Netowrking for Small BizIf there’s one thing that can make or break a small business, it’s networking. Working with a group is almost always more powerful than working alone. But what’s the typical problem for most entrepreneurs and solopreneurs? Networking doesn’t always feel easy.

How do you make new connections in your area, for example? Whom should you be talking to about your business? Is social media worthwhile or a waste of time?

To help answer these questions, here’s a look at five specific ways to network as a small company. Try these strategies to start reaching out.

Think Local: If you run a business that caters predominantly or largely to clients in your geographic area, use that local focus to your advantage. Join “shop local” initiatives. Partner with other local businesses to promote one another to customers. Take part in local business events and promotions. By strengthening relationships in your community, you drive business both for yourself and others.

Stop Compartmentalizing: Networking isn’t “an additional activity you need to add to the tasks you have to do every day,” says longtime marketer Hank Blank at Behooved. “Networking is a way of life.” Rather than divvying the hours in your day into tasks and projects and networking, consider that as a representative for your business, you are always networking — or, at least, you can be. The person you meet at a party, the photographer you hire for your family pictures, and the guy standing next to you at Starbucks are all people you may engage and get to know. You never know who could be a prospect until you interact with him or her.

Use Social Media: Put the networking back in social networking sites such as Facebook and Twitter by remembering that your activity there is more than marketing — it’s also a way to connect with colleagues and customers. “The real definition of networking to me is building relationships before you need them,” says Diane Darling, founder and CEO of Boston-based Effective Networking, Inc.

Building relationships involves both talking and listening — so rather than merely posting update after update, respond to those that other users share. Follow users who fit your target audience: If you’re the National Honey Board, follow food bloggers, restaurants and media outlets. If you’re the Massachusetts tourism board, follow locals who talk about your area, travel writers, travel bloggers, and so on. The idea is to follow people who will be interested in what your business offers — then pay attention to what they’re saying, and respond to them. Doing so builds relationships, and those relationships are the key to small business networking.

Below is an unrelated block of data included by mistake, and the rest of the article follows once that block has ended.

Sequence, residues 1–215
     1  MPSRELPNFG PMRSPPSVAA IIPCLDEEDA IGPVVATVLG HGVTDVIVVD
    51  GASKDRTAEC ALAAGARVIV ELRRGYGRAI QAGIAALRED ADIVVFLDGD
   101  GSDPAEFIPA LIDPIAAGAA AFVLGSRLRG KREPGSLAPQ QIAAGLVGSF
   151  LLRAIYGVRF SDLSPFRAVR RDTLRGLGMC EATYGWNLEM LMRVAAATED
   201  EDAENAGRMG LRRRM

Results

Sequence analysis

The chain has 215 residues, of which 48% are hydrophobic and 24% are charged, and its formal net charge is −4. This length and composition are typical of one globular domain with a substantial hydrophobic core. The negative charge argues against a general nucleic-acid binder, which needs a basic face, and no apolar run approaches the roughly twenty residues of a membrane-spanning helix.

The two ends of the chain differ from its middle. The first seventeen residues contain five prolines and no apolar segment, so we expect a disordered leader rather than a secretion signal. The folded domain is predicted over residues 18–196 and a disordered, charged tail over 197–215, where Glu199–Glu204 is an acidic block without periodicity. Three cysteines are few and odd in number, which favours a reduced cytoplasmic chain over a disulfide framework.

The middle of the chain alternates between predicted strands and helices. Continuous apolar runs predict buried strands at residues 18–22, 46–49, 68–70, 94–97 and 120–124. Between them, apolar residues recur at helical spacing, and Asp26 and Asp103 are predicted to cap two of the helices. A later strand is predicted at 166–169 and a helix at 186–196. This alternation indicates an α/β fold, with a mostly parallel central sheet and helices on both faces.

Engage Outside Your Industry: It’s easy to want to spend time swapping ideas with others in your industry — they understand what you do, and they care about the things you care about — but networking with others in your field can go only so far. It’s not your colleagues who buy your products. Truth be told, they’re actually your competitors.

Rather than solely networking with the other marketers or landscaping professionals or managers in your industry, remember to be your own brand ambassador to others, too, because, as Gay Gaddis writes at Forbes, “No one is more passionate about your business than you are.” Use your passion and expertise to your advantage, to win over new prospects in various positions and roles. That’s the kind of networking that drives results.

Always Follow Up: One of the most important parts of networking is follow-up. “Regardless of the type of networking, the key is quickly turning those new contacts into active connections in your network,” says CEO of online community Manta, Pamela Springer, at Open Forum. So reach back out to new contacts via email within 24 hours. Refresh their memory of who you are and what you talked about, and then slowly build the relationship by initiating another step — such as suggesting a project you talked about working on together or providing some information they said they’d like. Quick turnaround is usually much better received than slow turnaround — and it fuels faster connections.

Whatever your small business, the simple steps outlined in this post provide a clear blueprint for getting started with networking. When you make it your mission to build relationships with prospects and colleagues, you reap benefits far into the future.

Your Thoughts

How could you network better? What steps will you take? What other networking practices have you seen to be helpful and effective?